38 Have you neglected to commit for too long? Been coding furiously and forgotten
39 about source control until now? Made a series of unrelated changes, because
40 that's your style?
41
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42 No worries. Run:
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43
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44 $ git add -p
45
46 For each edit you made, Git will show you the hunk of code that was changed,
47 and ask if it should be part of the next commit. Answer with "y" or "n". You
48 have other options, such as postponing the decision; type "?" to learn more.
49
50 Once you're satisfied, type
51
52 $ git commit
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53
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54 to commit precisely the changes you selected (the 'staged' changes). Make sure
55 you omit the *-a* option, otherwise Git will commit all the edits.
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56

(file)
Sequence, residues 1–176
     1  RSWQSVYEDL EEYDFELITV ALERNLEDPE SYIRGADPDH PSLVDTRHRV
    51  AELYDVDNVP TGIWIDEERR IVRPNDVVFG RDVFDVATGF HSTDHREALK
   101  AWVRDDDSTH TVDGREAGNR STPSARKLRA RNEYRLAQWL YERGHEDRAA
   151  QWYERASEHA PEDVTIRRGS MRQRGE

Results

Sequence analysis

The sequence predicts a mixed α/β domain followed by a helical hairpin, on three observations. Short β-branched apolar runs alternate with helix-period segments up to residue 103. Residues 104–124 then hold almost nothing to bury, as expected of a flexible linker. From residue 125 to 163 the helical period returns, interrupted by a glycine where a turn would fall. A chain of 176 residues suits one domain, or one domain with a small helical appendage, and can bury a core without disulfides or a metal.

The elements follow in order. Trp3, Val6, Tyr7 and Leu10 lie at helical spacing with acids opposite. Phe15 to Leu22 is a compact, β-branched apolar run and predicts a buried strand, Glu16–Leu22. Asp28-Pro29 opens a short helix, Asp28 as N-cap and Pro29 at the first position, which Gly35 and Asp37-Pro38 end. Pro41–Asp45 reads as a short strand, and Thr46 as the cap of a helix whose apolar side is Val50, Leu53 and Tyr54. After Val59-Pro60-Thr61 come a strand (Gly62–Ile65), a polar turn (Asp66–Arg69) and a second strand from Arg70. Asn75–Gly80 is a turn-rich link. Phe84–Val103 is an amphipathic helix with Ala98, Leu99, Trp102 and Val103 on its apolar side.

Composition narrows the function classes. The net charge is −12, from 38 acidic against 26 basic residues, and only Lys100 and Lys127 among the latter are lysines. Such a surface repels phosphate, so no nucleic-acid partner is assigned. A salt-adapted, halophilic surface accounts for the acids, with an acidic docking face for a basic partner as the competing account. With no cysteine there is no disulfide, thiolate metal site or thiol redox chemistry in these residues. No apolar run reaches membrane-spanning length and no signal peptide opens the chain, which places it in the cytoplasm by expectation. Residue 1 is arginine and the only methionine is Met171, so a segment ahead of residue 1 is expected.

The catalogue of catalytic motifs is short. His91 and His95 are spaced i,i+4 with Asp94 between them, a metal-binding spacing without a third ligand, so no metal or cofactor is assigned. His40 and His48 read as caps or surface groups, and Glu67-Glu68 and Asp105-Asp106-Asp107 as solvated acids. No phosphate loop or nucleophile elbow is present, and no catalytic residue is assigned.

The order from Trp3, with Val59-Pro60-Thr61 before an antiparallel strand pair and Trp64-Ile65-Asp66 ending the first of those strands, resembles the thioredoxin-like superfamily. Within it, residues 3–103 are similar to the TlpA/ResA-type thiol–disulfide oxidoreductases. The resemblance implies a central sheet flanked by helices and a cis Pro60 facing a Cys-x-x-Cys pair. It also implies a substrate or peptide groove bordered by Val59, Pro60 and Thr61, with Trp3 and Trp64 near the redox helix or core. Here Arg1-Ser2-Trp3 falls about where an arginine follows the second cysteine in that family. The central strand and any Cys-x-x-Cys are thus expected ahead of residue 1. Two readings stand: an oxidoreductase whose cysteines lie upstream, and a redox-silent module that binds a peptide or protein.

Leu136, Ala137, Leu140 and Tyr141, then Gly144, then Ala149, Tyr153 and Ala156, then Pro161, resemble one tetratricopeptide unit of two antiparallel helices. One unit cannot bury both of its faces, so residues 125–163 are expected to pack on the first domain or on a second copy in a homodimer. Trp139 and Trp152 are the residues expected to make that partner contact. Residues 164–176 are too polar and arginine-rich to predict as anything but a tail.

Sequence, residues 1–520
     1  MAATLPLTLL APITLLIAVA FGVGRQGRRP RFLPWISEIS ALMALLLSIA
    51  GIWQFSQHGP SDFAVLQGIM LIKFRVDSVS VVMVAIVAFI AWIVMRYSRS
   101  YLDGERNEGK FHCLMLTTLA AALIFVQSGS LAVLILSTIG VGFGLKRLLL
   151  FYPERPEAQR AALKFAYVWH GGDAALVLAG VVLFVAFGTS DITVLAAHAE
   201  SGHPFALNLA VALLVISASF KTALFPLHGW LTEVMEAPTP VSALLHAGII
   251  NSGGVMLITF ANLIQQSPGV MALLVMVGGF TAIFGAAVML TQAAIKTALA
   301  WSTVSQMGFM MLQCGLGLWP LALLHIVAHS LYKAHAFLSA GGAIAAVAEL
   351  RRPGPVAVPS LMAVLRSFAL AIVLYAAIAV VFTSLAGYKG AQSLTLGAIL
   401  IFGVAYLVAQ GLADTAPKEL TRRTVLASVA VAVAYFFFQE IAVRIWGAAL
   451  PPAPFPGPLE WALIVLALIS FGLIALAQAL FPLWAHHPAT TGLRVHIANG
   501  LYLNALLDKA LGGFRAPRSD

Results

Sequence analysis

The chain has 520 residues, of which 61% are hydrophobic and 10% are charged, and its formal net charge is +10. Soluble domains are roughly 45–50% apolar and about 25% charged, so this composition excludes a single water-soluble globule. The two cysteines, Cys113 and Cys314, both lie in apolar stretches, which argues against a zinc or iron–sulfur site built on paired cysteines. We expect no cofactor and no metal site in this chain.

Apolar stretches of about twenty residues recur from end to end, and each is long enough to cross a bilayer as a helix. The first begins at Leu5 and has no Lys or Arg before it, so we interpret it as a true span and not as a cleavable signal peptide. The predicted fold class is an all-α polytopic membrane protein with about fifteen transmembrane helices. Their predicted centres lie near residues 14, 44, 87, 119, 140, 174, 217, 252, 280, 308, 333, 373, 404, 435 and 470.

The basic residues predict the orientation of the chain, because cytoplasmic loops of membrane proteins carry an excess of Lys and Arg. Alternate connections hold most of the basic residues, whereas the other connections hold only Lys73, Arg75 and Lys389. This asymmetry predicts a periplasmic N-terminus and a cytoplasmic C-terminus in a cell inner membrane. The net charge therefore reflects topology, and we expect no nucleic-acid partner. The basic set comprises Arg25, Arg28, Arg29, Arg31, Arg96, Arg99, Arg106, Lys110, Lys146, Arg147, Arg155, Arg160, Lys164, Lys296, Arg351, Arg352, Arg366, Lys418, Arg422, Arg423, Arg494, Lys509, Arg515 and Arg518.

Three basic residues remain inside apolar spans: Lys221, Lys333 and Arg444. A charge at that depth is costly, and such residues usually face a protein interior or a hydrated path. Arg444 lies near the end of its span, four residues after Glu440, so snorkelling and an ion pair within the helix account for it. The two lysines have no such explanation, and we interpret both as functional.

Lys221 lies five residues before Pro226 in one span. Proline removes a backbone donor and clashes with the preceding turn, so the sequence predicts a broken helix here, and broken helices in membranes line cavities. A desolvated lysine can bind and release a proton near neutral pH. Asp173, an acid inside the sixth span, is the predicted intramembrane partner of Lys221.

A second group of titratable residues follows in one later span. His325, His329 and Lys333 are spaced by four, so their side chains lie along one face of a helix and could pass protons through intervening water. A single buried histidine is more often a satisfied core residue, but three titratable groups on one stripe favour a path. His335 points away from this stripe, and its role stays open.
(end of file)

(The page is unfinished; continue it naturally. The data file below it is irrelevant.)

57 What if you've edited many files in many places? Reviewing each change one by
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58 one becomes frustratingly mind-numbing. In this case, use *git add -i*, whose
59 interface is less straightforward, but more flexible. With a few keystrokes,
60 you can stage or unstage several files at a time, or review and select changes
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61 in particular files only. Alternatively, run *git commit \--interactive* which
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62 automatically commits after you're done.
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63
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64 === The Index: Git's Staging Area ===
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65
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66 So far we have avoided Git's famous 'index', but we must now confront it to
67 explain the above. The index is a temporary staging area. Git seldom shuttles
68 data directly between your project and its history. Rather, Git first writes
69 data to the index, and then copies the data in the index to its final
70 destination.
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71